If Problematic Speech Is Banned Online, at Least Be Consistent


MINOT, N.D. — President Donald Trump has been banned from Twitter, as you might have heard. In their official justification for the ban, the social media giant claimed that Trump violated their policies against violence’s glorification.

Taken at face value, I think Twitter makes a defensible argument, even if it’s not one I agree with.

The problem is that they’re not exactly consistent with this stuff.

For instance, the President of the United States is no longer allowed on Twitter, but Ayatollah Khamenei, the supreme leader of Iran, a country that publicly executes people because of their sexual orientation, is still tweeting.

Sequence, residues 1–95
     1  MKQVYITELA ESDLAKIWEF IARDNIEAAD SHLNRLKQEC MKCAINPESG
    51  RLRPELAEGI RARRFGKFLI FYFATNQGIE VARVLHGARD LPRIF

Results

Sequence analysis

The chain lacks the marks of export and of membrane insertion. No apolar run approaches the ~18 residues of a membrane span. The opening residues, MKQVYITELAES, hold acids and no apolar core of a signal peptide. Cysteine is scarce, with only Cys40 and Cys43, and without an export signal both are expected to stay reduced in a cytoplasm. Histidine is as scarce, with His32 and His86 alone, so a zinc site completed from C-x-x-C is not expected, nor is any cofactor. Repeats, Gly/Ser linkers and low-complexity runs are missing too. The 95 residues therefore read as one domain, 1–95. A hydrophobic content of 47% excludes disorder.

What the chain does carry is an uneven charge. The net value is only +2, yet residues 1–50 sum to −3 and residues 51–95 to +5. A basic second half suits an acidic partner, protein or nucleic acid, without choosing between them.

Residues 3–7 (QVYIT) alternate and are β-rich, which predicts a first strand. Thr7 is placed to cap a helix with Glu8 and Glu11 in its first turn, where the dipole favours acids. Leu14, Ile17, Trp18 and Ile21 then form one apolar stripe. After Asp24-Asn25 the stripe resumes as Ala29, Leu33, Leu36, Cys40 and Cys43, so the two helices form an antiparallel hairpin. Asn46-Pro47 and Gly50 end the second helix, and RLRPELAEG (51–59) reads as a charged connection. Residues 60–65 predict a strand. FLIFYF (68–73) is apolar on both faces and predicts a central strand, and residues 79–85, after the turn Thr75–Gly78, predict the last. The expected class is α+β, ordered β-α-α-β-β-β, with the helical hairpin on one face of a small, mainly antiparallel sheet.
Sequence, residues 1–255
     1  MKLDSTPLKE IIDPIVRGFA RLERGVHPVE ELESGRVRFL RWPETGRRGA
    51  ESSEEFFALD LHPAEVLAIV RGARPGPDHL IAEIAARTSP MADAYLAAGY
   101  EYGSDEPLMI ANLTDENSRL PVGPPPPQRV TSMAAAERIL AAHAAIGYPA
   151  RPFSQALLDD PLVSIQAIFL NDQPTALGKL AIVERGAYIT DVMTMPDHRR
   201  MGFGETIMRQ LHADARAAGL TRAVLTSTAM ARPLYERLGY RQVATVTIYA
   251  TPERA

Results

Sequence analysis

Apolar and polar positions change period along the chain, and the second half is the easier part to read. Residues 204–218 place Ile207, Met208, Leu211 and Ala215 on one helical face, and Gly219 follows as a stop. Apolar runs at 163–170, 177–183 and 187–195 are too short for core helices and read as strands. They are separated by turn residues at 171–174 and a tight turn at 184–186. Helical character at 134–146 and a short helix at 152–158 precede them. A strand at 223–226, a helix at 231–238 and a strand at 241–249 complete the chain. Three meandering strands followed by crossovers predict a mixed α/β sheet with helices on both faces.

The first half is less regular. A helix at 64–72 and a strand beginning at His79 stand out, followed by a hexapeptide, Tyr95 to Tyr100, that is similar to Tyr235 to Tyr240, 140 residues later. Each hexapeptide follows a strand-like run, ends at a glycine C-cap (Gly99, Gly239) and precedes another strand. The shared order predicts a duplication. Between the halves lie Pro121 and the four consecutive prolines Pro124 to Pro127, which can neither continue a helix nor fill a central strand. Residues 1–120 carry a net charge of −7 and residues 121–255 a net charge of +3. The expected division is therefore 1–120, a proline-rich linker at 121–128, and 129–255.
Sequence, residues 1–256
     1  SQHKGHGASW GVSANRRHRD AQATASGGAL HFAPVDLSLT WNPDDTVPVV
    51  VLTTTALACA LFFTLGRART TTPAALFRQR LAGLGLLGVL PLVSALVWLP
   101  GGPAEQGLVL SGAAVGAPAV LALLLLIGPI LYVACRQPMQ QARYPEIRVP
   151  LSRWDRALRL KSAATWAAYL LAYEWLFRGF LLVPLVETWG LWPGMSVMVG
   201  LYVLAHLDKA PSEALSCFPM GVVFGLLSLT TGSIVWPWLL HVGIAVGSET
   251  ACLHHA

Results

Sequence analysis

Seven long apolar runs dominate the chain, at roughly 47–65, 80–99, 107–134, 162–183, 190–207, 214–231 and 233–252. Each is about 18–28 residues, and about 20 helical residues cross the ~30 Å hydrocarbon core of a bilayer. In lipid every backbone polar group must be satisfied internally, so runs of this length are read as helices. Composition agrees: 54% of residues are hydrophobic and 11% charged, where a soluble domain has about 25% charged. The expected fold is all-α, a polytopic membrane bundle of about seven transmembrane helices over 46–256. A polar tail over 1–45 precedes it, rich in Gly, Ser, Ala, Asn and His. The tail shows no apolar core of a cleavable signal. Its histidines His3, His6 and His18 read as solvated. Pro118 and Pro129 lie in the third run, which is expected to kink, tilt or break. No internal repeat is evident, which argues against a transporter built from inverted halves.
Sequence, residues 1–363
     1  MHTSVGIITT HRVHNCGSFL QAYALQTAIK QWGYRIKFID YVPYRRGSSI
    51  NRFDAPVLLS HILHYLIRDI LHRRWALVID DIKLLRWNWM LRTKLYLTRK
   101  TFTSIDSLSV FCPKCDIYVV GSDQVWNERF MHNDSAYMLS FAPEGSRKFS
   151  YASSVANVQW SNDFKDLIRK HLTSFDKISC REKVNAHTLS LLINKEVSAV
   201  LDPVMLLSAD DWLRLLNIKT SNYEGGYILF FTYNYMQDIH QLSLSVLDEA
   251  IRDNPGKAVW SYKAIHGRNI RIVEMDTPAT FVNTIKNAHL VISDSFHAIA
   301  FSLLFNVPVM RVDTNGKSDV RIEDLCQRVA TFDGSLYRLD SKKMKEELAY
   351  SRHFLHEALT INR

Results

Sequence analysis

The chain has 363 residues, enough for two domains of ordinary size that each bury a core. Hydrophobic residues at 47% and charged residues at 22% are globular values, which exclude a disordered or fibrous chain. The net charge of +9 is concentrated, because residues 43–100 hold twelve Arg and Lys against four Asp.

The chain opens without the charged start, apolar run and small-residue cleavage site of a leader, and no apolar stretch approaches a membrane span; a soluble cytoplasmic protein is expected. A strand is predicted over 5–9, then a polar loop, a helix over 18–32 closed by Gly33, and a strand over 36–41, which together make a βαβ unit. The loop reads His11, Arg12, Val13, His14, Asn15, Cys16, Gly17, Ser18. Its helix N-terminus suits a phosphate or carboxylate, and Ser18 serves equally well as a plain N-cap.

The Chinese Foreign Ministry and sundry other agencies and official representatives of the world’s largest Communist dictatorship still have access to Twitter. China has violently suppressed pro-democracy protests in Hong Kong, arrested and executed political dissenters, and maintains millions of ethnic and religious minorities in concentration camps.

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